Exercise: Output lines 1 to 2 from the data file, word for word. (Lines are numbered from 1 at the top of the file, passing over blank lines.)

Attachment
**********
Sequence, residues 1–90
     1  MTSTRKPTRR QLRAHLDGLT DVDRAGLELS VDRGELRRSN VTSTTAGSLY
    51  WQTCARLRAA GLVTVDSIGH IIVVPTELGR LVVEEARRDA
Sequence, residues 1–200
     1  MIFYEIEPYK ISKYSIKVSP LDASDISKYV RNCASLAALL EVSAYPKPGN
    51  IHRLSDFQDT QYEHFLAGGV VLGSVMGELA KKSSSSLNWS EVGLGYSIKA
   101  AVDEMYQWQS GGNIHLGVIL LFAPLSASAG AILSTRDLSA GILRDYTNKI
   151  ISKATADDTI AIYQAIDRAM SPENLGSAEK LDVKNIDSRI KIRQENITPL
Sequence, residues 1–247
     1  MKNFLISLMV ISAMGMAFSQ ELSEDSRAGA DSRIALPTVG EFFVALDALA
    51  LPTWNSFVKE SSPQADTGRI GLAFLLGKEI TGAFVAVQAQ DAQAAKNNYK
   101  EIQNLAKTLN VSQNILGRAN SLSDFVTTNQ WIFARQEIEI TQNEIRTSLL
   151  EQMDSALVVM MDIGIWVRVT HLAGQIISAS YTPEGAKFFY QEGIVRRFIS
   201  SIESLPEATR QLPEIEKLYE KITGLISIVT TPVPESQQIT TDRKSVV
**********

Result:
Sequence, residues 1–90
     1  MTSTRKPTRR QLRAHLDGLT DVDRAGLELS VDRGELRRSN VTSTTAGSLY